New deal preserves Journey’s End access for future generations

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New deal preserves Journey’s End access for future generations

On the way to Journey's End

On the way to Journey's End

Kayla Friedrich

On the way to Journey's End

Kayla Friedrich

Kayla Friedrich

On the way to Journey's End

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Thanks to a soon-to-be-inked agreement, a popular local swimming hole will remain open to the public.

Journey’s End swimming hole will be owned by the town of Johnson in partnership with the Vermont River Conservancy (VRC) and the Johnson Conservation Commission within the next few weeks, thanks to local support.

Journey’s End is nestled in the woods of Johnson just a short walk off of Plot Road and has been on the market for the past two years. During that time, the VRC has been taking donations from local businesses and individuals alike in an effort to purchase the 30-acre property.

The location, with its cold-water stream running to the Lamoille River, a deep pool with three 8-foot cascades above it, two jumping cliffs 15-feet and 8-feet high, several undercut ledges, and a wading pool, has been a popular spot for Johnson residents, Johnson State College students, and Vermont Studio Center students to swim, fish, bird-watch and relax for decades.

The VRC began looking at acquiring the property to preserve public access, fearing new owners might restrict public use.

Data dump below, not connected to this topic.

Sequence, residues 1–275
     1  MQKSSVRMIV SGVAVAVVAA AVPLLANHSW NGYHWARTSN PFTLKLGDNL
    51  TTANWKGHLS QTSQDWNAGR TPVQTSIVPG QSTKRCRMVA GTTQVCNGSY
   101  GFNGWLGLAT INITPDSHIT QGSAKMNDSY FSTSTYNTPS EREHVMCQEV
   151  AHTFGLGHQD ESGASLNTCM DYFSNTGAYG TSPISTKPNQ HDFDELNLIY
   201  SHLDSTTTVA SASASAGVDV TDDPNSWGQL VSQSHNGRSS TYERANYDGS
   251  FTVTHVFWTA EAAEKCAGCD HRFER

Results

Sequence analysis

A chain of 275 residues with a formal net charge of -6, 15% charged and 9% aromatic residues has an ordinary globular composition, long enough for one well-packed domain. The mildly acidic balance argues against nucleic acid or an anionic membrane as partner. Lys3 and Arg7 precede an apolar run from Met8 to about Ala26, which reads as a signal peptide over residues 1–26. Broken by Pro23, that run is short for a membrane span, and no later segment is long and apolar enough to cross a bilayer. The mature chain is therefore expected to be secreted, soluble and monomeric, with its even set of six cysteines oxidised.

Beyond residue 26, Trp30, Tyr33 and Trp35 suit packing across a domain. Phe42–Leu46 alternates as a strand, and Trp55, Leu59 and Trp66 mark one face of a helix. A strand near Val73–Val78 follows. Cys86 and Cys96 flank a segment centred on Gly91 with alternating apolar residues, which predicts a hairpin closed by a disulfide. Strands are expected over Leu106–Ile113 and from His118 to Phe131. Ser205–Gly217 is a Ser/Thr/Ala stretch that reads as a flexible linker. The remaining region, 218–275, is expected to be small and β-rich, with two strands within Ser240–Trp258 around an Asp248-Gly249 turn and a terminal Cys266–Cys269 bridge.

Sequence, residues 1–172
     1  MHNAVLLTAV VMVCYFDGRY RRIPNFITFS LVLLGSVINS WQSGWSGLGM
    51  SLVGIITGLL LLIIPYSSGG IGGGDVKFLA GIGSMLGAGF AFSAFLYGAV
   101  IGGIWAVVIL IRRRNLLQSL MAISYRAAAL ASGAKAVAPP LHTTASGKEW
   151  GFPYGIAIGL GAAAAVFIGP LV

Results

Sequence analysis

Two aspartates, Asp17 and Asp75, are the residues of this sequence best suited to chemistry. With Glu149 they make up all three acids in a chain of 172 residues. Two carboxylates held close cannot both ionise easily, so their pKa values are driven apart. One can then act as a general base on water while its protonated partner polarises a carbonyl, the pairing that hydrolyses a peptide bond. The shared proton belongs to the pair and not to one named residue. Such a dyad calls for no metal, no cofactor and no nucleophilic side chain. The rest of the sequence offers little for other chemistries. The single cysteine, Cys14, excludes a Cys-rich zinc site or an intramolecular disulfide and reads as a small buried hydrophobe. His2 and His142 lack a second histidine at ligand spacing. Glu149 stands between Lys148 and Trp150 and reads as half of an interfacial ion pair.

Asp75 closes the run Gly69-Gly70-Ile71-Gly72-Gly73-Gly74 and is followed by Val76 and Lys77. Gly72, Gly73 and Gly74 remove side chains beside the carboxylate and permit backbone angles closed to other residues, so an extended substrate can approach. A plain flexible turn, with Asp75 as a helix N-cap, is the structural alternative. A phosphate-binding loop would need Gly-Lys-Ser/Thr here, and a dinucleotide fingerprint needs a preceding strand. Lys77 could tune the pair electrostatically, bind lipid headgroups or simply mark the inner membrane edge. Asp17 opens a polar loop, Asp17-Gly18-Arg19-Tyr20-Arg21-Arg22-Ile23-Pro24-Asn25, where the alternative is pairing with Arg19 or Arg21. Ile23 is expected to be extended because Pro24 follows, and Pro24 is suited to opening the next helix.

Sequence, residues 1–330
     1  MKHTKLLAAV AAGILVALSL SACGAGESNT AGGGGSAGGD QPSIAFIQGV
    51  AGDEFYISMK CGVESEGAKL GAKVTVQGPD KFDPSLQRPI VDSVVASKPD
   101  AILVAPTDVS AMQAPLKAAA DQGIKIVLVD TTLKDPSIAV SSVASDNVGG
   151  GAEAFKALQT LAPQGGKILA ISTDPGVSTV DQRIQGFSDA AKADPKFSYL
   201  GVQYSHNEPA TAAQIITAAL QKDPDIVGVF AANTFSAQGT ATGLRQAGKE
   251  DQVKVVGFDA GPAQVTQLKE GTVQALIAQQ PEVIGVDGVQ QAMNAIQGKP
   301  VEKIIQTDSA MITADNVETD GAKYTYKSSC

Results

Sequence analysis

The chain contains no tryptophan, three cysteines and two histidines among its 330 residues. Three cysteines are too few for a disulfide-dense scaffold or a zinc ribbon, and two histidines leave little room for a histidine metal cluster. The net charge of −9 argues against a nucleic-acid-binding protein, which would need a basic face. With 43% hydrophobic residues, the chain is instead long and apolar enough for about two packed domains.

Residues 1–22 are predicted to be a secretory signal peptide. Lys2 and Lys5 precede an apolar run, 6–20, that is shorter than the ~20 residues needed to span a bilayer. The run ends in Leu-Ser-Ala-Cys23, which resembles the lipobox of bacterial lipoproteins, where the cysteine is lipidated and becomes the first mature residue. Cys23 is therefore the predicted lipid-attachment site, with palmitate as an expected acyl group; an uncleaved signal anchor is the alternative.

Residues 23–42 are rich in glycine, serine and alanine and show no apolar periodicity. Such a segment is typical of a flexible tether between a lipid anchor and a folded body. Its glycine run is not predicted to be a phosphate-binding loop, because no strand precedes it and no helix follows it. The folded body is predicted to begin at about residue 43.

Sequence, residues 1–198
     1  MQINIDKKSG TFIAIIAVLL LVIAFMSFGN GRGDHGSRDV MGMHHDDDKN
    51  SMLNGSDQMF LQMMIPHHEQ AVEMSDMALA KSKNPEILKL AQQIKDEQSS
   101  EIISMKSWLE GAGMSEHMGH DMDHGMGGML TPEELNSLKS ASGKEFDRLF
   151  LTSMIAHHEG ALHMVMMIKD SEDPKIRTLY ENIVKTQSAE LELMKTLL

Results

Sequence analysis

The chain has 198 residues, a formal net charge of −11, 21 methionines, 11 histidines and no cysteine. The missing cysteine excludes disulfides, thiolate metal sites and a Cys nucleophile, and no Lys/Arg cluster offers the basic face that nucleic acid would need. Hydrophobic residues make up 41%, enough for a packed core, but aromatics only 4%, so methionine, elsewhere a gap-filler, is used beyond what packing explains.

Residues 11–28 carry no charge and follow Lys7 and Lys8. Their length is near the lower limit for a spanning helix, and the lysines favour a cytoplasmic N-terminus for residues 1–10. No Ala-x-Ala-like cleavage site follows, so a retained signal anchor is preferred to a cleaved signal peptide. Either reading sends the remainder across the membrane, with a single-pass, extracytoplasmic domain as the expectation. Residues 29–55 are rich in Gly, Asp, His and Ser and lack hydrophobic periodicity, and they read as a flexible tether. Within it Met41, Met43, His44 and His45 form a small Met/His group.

“The idea is that it’ll stay as pristine as possible and also be available for hiking, snowshoeing, swimming, bird-watching and a lot of other activities,” says Assistant Director of the VRC Lydia Menendez. “Everyone’s love will keep it pristine and enjoyable for all.”

Although fundraising efforts officially came to a close Friday, Aug. 31, and the VRC fell short of its goal of $223,000 by 4 percent, Executive Director Steve Libby says it has enough money to purchase the property. The next step is to assemble all legal documents, which will then need to be signed by the VRC, the Town of Johnson, the Johnson Conservation Commission and the current owner to complete the transaction.

The VRC is also still accepting donations for Journey’s End, so that it can create a small parking area on Plot Road as well as improve the trail from the road, and put a sign by the swimming hole listing the contributors who made the acquisition possible

The list includes the Johnson State College Student Association, which made a $1000 contribution last semester.

“The swimming hole has been kept up very well,” says Libby. “In terms of long-term management we’d like to involve JSC in stewardship.”

The town of Johnson has agreed to become long-term owner of the property with the Johnson Conservation Commission serving as steward. Menendez will be on the JSC campus in September to talk to Director of Experiential Education Ellen Hill as well as eight other faculty members hoping to get students involved with site work via environmental science classes.

The area, Menendez says, may also lend itself well to science labs and other projects that would get the JSC community involved.

“We are excited to have it preserved for public use as it is now, and if anyone would like to get involved they can talk to the Johnson Conservation Commission,” said Menendez.

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